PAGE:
The profound change is cultural. Some components of the decision-making process are excluded, such as intuition or experience. This often leads to biased views and conclusions drawn from a limited-scope perspective. Those components that have been excluded are replaced by data-driven knowledge. This model is widespread in different countries. According to a survey published by Statista, 77% of the organizations in the US that responded to the survey have confirmed that they have used the data-driven decision-making model. In Germany and the United Kingdom, 7 out of every ten organizations have done the same.
Practical steps toward monetization
Data monetization possibilities are as vast as the company’s creativity allows.
Once you know the number of data assets you have, it is time to identify use cases, the level of competitiveness, and the availability of alternatives to what is being proposed to define new data-driven products and services. The focus should always be on who the potential client is and how willing it would be to use this service. We must think with an open mind, without obstacles in the way. For instance, we have to evaluate what external data we could combine to increase the proposal’s value. Is there a process at present that makes it difficult or even impossible to manage data well? Can data optimize the client’s experience in any way? The answer to questions like these can be a fundamental guide to moving forward with the initiative.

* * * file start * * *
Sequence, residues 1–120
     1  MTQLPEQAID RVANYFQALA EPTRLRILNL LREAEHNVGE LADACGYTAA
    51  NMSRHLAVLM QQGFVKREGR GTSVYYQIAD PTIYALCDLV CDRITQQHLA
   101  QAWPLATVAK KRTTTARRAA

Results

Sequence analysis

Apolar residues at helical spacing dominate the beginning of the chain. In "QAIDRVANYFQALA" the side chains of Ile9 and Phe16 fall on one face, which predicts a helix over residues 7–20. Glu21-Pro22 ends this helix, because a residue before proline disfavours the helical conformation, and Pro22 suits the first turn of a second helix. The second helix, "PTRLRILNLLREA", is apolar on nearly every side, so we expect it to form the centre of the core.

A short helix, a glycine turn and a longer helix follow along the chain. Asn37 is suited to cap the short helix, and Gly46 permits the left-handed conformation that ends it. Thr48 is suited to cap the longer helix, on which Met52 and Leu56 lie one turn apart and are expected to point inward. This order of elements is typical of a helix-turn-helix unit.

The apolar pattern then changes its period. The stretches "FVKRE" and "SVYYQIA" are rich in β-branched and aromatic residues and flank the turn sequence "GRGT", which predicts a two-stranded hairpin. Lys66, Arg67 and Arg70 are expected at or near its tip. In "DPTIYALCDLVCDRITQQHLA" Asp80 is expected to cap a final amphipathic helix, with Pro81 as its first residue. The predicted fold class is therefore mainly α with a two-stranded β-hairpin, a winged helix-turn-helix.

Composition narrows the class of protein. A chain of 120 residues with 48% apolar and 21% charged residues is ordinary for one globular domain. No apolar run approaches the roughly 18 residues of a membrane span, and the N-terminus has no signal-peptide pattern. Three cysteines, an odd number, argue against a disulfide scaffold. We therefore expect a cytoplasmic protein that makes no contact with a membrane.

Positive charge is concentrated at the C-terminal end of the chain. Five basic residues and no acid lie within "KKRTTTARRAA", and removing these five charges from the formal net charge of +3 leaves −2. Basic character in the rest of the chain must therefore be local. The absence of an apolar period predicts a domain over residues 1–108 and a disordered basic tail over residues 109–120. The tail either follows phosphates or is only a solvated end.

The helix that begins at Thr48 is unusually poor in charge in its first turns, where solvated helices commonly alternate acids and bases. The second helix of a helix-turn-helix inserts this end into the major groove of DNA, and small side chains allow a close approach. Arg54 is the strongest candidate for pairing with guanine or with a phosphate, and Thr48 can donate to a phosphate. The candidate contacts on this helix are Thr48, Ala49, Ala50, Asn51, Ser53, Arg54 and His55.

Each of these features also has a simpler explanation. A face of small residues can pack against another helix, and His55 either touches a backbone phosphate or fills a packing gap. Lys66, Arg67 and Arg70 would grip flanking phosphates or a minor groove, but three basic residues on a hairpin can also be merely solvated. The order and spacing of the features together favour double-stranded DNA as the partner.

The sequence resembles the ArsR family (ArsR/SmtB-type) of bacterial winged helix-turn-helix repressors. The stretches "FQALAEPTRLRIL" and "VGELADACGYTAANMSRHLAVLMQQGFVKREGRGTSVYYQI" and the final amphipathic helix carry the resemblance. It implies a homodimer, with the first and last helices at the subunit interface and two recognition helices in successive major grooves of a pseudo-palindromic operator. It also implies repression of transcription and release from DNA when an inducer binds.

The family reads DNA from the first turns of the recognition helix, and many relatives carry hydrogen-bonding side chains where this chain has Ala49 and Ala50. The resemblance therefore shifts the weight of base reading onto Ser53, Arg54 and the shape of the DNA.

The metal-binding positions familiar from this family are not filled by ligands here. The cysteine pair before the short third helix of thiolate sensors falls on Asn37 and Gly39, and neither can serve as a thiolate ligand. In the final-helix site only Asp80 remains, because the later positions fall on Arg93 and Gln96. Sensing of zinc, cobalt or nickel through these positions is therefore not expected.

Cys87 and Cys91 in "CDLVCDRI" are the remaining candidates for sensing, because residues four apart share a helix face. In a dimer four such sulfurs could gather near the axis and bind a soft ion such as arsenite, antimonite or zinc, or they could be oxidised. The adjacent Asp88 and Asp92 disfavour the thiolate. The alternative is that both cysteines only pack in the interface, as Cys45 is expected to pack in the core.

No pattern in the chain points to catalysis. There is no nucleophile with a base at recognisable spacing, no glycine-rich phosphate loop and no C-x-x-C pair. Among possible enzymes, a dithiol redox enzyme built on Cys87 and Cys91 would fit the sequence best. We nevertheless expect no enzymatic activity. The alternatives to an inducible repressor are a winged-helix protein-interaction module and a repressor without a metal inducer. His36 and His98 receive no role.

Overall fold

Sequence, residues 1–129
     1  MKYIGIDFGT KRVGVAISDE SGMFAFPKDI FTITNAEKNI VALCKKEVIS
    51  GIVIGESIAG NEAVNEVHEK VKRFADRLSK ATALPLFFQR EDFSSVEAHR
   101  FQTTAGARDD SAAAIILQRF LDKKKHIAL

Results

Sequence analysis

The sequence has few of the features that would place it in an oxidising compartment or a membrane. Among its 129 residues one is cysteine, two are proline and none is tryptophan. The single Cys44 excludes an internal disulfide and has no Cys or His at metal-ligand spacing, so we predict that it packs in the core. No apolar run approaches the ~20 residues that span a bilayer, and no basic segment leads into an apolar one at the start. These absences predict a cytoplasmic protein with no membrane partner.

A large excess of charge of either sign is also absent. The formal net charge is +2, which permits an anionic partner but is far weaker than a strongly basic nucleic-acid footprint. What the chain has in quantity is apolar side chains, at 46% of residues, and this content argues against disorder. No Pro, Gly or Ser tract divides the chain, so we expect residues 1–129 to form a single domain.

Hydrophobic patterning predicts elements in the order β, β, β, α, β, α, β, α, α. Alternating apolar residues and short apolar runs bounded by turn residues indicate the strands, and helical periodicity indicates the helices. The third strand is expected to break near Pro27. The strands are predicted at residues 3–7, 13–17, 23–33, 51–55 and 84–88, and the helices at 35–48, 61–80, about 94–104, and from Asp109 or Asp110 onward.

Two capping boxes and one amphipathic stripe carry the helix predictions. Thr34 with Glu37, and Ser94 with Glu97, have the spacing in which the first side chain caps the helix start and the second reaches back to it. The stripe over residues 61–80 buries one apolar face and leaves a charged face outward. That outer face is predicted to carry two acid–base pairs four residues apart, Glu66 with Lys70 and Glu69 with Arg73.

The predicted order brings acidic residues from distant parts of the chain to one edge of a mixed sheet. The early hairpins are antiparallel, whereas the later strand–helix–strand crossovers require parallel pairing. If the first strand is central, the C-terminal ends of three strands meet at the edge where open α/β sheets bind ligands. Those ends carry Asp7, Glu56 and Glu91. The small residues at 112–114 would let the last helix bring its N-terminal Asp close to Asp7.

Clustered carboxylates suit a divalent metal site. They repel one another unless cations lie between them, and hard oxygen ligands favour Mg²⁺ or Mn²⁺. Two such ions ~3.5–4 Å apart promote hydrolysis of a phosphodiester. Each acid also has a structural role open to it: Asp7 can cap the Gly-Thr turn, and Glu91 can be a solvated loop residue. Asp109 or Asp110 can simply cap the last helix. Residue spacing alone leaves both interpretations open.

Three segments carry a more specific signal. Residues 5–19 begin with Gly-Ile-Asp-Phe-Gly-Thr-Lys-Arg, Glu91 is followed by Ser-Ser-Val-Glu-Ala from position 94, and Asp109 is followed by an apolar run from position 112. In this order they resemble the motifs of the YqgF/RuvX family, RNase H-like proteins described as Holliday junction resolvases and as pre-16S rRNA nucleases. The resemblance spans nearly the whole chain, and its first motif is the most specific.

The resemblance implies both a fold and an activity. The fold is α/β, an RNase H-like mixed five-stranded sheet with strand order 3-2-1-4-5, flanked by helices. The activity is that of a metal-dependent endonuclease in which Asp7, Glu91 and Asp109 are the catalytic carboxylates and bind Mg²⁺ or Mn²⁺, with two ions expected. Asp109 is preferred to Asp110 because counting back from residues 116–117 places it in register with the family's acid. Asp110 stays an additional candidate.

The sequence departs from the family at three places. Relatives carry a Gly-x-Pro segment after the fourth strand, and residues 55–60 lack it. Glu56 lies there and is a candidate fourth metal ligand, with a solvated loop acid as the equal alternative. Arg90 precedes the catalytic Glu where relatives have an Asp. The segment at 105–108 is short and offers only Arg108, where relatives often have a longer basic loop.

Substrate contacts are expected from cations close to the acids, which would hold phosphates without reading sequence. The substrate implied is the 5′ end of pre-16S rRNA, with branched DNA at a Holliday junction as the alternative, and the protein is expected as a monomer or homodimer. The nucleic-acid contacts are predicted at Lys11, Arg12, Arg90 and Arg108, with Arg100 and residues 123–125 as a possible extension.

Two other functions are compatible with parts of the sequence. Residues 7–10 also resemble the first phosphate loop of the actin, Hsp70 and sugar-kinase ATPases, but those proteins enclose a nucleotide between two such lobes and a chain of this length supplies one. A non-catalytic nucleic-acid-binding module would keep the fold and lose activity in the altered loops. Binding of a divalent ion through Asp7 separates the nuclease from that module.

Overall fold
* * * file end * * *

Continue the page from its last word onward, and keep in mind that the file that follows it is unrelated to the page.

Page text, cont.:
The road toward monetization is not limited to a good idea. We must also develop the distribution and sales strategy needed to support the initiative and generate a clearly-defined roadmap of how these new data products will go live to be used by clients.
The benefits of being data-driven
The old data systems based on silos, manual analyses, and spreadsheets are highly prone to errors, hinder the optimum performance of processes and obstruct the capacity to develop data-driven products and services to compete in the digital economy.
Having data assets that guide corporate decisions in real-time makes it possible to focus on the right priorities, define new business models to monetize the data, and, additionally, achieve a level of transparency that generates a more significant commitment both by collaborators and clients.
Suppose the company seeks contributions from a PE. In that case, the investor can concentrate on the performance metrics that impact the company’s value and potential without biased views or hidden or overlooked data.
The data are available. The possibilities to generate value are limitless. Moving ahead based on those possibilities makes the difference between getting stuck in the present until obsolescence sets in or entering the future business world head-on.
Only after these improvements have been implemented can we start thinking about innovation and incorporating new ways of creating and developing business processes that are profitable and sustainable in time, in line with the company’s future vision.
We should not forget that a survey by NewVantage concludes that the main challenge to being a data-driven company is not technology per se, but people, business processes, and culture (92.2%). The company’s leaders and its team will be as important as all the other aspects we have mentioned.